Riding a bike is no easy task when both legs are prosthetic. “Most people don’t understand just how difficult it is to ride a bike with prostheses,” he says. “Most people use their quads, calves and glutes to pedal, while I am only able to use my glutes and hip flexors.” Many thought his trek couldn’t be done, but he has overcome broken prosthetic parts, bike parts and truck parts to keep on cycling.

Jones is accompanied on his journey by his brother, Steve, who follows in a truck filled with supplies. Jones says the people along the way have been very kind and helpful, often pledging money to his cause, offering a free meal or a free hotel room.

“Everyone we have met has been very supportive,” he says. “So far we have managed to get free hotel rooms along the way, but we can sleep in the truck if we need to.”

A combat engineer with the Marine Corp., Jones was clearing an area of IEDs (Improvised Explosive Devices) on July 22, 2010, when one of the explosives detonated. He lost both his legs and was awarded a Purple Heart. But he was determined to keep fighting.

He took up rowing and won a slot in the 2012 Paralympics in London where he brought home a Bronze Medal, epitomizing the Paralympic motto — Survive. Recover. Live.

His decision to cycle from the northeast to southwest stems from his unwavering desire to help other U.S. Servicemen.

For more information about Jones, his journey, or to donate to his cause, visit www.robjonesjourney.com, or “Like” him on Facebook at Rob Jones Journey. 

PRTC is feeding families

Joyce Marks, director of the Jackson County Food Bank, says her organization is seeing record requests for meals.

Joyce Marks, director of the Jackson County Food Bank, says her organization is seeing record requests for meals.

Rebecca Koury recently met a couple who lost their food stamp benefits when the wife began working.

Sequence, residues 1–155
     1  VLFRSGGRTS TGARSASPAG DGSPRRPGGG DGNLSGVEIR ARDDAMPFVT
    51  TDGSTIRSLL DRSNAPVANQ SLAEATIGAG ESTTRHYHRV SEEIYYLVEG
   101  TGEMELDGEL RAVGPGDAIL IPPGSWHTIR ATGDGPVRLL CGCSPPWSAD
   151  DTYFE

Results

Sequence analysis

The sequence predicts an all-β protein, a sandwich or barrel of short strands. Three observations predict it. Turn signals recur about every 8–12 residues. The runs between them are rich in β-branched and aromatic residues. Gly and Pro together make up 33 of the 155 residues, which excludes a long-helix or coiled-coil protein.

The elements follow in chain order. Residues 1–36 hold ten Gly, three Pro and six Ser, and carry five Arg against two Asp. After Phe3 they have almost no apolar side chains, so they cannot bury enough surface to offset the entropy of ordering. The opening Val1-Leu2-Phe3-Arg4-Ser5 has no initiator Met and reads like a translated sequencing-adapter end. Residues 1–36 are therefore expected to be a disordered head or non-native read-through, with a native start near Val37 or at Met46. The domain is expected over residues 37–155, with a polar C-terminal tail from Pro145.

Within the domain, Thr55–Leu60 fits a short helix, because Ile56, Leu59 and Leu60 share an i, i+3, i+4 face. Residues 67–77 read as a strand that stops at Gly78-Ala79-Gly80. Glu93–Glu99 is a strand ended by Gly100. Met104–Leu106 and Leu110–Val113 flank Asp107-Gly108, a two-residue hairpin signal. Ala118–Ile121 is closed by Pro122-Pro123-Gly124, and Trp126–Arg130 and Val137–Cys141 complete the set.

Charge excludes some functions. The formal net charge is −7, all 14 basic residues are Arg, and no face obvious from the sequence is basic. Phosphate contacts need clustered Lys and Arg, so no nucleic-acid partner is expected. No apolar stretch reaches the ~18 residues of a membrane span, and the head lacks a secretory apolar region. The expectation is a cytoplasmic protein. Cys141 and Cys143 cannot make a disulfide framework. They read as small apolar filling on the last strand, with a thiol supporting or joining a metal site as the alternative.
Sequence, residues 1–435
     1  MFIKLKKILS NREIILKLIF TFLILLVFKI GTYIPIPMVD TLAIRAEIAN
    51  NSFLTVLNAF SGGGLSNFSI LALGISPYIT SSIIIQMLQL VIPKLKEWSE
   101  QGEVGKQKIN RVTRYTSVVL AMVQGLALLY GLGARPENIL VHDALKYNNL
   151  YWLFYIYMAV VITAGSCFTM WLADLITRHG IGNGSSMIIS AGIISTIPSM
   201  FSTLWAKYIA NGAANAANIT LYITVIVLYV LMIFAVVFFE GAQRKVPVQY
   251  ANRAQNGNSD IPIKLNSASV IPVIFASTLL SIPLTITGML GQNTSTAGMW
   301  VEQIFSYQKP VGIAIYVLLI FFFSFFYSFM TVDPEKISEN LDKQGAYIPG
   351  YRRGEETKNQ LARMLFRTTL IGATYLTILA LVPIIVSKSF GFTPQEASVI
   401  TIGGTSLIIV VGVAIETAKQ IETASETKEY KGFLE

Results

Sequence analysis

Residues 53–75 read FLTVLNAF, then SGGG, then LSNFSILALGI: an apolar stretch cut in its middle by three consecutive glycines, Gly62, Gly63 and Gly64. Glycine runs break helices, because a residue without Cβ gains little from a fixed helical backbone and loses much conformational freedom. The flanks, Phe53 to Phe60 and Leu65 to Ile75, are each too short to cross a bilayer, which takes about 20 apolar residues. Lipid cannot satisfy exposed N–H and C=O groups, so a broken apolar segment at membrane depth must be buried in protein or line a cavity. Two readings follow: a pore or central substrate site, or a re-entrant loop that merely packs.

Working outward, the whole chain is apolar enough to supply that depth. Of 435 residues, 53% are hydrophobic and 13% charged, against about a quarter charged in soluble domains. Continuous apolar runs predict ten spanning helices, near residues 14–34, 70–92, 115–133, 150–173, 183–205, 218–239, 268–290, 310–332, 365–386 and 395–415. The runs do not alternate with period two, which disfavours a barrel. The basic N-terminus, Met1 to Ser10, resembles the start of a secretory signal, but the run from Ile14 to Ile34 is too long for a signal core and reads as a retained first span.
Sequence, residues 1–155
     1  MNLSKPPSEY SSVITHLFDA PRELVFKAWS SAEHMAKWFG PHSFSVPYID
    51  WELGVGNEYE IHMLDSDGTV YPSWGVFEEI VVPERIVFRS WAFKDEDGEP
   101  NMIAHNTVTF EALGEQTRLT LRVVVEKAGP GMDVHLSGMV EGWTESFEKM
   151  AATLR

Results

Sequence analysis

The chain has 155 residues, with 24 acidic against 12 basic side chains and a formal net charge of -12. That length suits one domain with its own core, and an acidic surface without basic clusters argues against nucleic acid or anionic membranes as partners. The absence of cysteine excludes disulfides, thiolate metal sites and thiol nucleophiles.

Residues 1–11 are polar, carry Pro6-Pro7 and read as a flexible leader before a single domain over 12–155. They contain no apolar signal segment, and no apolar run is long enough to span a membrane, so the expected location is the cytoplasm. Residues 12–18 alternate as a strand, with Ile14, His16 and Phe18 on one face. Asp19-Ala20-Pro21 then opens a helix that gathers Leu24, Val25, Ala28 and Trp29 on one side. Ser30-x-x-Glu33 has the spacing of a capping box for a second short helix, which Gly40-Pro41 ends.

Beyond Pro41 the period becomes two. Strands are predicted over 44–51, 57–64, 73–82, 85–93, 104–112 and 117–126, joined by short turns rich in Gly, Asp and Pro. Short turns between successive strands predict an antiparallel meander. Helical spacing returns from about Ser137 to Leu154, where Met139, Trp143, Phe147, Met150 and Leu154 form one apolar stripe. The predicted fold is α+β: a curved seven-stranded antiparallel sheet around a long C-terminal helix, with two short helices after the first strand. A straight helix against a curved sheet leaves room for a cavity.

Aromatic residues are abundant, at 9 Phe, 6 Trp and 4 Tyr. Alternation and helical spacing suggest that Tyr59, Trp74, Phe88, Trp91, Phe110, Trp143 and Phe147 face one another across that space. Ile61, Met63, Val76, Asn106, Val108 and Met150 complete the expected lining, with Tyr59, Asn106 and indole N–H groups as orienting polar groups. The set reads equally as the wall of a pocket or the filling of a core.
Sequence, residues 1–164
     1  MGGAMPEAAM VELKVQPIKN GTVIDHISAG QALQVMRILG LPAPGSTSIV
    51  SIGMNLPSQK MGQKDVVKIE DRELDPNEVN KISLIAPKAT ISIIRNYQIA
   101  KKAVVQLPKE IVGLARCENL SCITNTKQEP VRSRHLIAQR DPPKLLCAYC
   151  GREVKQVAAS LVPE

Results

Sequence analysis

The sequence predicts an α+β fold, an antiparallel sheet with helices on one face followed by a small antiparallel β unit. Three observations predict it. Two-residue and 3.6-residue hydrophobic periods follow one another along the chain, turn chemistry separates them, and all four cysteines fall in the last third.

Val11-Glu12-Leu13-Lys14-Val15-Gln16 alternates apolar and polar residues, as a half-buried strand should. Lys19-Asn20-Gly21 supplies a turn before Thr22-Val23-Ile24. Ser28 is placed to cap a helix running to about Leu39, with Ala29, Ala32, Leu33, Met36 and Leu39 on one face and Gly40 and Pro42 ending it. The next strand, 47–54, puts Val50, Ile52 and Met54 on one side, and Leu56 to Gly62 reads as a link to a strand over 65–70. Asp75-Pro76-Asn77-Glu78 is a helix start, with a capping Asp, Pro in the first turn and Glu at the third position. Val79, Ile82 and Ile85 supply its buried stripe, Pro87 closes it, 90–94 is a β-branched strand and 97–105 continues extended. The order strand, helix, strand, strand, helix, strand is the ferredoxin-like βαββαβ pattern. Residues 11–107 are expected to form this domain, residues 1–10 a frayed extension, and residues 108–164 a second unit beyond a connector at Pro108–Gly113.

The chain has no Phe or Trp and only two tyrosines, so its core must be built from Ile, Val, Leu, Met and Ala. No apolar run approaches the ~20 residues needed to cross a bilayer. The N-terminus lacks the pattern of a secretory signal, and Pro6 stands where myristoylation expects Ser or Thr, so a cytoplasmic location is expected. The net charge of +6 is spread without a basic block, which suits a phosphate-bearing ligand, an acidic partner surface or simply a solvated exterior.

Koury, a Jackson County Food Bank board member, says the woman felt such a sense of pride and renewed self worth that she refused to quit working even though others had suggested she do just that because her income is less than what she had received in food stamps.

“She says she feels so good about herself and about getting out and helping provide for others that her family will  make it work somehow,” Koury says. “I think it is so amazing and such a beautiful thing that this family is going to make it work and trust that the Lord will take care of them.”

And one of the ways He provides is through area food banks. There are many families, such as this one, that rely on donations from area food banks to make it through each month with enough to eat. These food banks are in need of donations so they can continue to provide food in the local community.

Joyce Marks, executive director of the Jackson County Food Bank, works to keep the hungry fed.

Joyce Marks, executive director of the Jackson County Food Bank, works to keep the hungry fed.

Joyce Marks, director of the Jackson County Food Bank, says times are tough because there are few job opportunities in and around Jackson County. This means area food banks are hit harder with requests for food.

“We are serving record numbers of people,” she says. “The economists keep saying things are getting better, but we don’t see it.”

The Jackson County Food Bank spent $2,245 more donated funds for food in 2012 than in 2011. Marks says the figures for 2013 were up again, too.

Increased demand means Marks has cut out a lot of unnecessary purchases for the Jackson County Food Bank such as cooking oil and flour. “We run a tight ship,” she says.

PRTC CEO Keith Gabbard presents a check to Angela Sparks of the Sand Gap Food Pantry. PRTC gives to all area food banks.

PRTC CEO Keith Gabbard presents a check to Angela Sparks of the Sand Gap Food Pantry. PRTC gives to all area food banks.